It might be difficult to order the right amount of goods your business needs to meet the demand of your customers. Because either you order too much or too little inventory might cost you money and customers.
Thus, t is important to understand which inventory system corresponds to which divisions of your organization. Go through this article to gain fundamental knowledge about the P and Q inventory systems also their differences.
The fixed order quantity system or continuous review system (Q) shows that when a withdrawal is made, this system will record the remaining inventory of an item to decide if it is time to restock. These recordings are done constantly and frequently after each withdrawal. A decision about a product’s inventory position is made at each review. The system will initiate a new order if it is too low.
👉 Read More: What is Inventory Management? How Does it Work?
The overall inventory is kept between the minimum and maximum restrictions when a new shipment comes. The set order quantity approach allows for a predetermined amount of a certain item to be ordered at a specific time.
This strategy reduces ordering errors, saves space for completed product storage, and prevents wasteful expenditures, which would tie up cash that may be better used elsewhere.
The set order amount can be linked to an automated reorder point, where a certain quantity of an item is ordered when stock is on hand reaches a specific level.
Let’s take a look at the following advantages that the fixed order quantity system can bring to your business.
However, there are still disadvantages that you should consider when choosing this inventory system.
You can think about the checkbook that we use in our daily life as a simple example of a Q system. The checkbook has 300 checks. When it reaches the 200th check, and there are 100 checks left, there will be an order form for a new batch of checks.
Once this form is returned to the bank, it begins an order for a fresh batch of 300 checks. Many office inventory systems employ the reorder cards placed at the bottom of a box of pens or paper clips or among stacks of stationery so that they can know when to make a new order.
Another more advanced example of the Q system is the automated checkout system with a laser scanner used by numerous supermarkets and retail businesses. The laser scanner scans the product package’s universal product code (UPC) or bar code.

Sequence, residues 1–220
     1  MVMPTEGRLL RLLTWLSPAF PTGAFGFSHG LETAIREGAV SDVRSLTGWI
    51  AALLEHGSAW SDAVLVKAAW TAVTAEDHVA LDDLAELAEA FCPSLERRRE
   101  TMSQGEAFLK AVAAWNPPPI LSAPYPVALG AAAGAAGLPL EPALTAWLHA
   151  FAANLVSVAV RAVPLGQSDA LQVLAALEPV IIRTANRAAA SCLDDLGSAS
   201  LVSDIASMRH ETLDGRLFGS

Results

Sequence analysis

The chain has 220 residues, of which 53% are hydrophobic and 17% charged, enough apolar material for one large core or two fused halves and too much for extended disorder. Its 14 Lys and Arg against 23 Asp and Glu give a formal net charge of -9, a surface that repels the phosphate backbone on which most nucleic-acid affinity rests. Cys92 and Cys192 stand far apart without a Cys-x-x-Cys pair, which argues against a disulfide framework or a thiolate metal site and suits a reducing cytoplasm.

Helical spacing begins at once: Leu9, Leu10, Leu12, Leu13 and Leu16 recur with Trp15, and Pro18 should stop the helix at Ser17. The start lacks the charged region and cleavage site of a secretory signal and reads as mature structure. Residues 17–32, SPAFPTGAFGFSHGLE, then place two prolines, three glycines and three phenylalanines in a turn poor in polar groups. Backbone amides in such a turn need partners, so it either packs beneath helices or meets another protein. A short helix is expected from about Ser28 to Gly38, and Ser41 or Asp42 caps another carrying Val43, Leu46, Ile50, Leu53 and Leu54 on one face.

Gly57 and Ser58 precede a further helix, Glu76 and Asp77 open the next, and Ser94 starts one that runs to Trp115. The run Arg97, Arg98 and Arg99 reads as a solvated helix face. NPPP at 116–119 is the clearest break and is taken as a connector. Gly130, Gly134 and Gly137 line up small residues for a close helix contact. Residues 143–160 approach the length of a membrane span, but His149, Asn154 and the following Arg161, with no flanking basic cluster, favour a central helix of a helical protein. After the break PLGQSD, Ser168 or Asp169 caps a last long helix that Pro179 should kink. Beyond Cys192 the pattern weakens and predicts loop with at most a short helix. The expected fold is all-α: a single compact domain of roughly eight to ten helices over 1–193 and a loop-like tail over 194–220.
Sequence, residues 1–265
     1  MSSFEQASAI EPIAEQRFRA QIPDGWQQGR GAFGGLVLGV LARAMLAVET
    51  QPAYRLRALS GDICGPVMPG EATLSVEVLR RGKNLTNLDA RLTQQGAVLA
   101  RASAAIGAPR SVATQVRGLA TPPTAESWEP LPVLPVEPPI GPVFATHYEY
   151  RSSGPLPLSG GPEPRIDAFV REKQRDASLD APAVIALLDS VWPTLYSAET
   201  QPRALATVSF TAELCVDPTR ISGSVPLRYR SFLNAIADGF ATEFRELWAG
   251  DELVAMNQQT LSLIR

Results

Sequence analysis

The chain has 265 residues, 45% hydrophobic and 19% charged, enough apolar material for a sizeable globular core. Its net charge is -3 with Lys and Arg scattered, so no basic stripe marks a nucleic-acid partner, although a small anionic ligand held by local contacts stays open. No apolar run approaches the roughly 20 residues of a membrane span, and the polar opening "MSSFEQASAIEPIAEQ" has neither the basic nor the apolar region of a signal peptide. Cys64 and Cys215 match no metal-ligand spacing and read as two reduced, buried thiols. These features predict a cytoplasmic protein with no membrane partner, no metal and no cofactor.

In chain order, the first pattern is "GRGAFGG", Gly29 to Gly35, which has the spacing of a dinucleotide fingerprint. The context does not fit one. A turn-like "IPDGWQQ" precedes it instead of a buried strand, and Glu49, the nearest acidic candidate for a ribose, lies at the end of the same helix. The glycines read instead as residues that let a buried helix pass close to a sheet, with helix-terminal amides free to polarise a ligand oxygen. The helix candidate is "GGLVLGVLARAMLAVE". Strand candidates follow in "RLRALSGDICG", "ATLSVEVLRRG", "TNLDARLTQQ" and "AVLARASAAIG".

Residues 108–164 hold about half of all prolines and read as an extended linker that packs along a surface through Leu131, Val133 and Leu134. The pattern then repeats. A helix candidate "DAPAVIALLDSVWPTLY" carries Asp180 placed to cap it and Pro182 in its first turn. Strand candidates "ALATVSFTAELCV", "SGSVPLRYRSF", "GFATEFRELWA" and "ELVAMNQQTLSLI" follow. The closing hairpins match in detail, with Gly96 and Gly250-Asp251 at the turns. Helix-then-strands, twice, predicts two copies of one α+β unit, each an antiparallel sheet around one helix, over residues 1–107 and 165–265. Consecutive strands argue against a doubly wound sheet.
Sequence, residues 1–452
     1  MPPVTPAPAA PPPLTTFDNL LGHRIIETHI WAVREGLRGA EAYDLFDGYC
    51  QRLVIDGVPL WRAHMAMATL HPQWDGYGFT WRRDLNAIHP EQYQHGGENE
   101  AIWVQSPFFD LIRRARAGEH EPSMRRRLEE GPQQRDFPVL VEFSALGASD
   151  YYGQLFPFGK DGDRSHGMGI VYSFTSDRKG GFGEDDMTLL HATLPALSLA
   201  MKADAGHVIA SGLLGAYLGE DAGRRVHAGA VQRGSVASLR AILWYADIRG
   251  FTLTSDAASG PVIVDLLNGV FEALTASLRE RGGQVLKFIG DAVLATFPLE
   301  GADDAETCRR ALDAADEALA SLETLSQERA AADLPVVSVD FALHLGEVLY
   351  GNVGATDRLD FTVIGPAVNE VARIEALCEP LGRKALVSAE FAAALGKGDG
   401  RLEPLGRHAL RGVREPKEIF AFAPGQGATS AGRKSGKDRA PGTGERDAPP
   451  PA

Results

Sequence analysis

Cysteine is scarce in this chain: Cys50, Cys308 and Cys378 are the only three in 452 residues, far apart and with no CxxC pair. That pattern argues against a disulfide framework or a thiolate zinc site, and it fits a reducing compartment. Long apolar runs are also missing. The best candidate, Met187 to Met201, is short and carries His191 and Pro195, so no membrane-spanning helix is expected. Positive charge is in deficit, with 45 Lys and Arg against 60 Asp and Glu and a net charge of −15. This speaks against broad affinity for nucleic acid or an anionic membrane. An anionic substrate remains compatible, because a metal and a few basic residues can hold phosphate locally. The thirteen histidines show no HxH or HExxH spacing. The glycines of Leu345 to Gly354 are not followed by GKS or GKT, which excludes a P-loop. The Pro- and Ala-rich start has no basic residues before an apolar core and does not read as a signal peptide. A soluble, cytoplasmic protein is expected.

The system will quickly record and update the inventory level. Such a system is swift and precise, but it also provides management with constantly updated data on the condition of stock levels. Many suppliers and distributors of manufacturing enterprises utilize handheld laser scanners and bar code systems from managing supplies, inventory materials, equipment, finished items, and in-process parts.
In the Fixed Order Period System (P system), the inventory position of a product is verified at regular intervals. When the quantity of a product is inadequate to maintain manufacturing until the next planned test, an order is placed to remove it.
The frequency of reviews changes depending on the company. It also changes amongst goods within the same business. The order amounts fluctuate depending on the material.
Like the Q system, the P system also has some advantages and disadvantages. Let’s consult these below benefits of the P system first.
Along with its benefits are some disadvantages but insignificant.
The differences between P and Q inventory systems are divided into six main features: order initiation, order period, record keeping, order quantity, inventory size, and time to maintain.
The P and Q inventory systems are used popularly by businesses in ordering inventory nowadays. Each inventory system has its benefits and drawbacks that you should consider before choosing one for your company. When your company uses the right inventory system, you will see a clear improvement in your inventory and business status.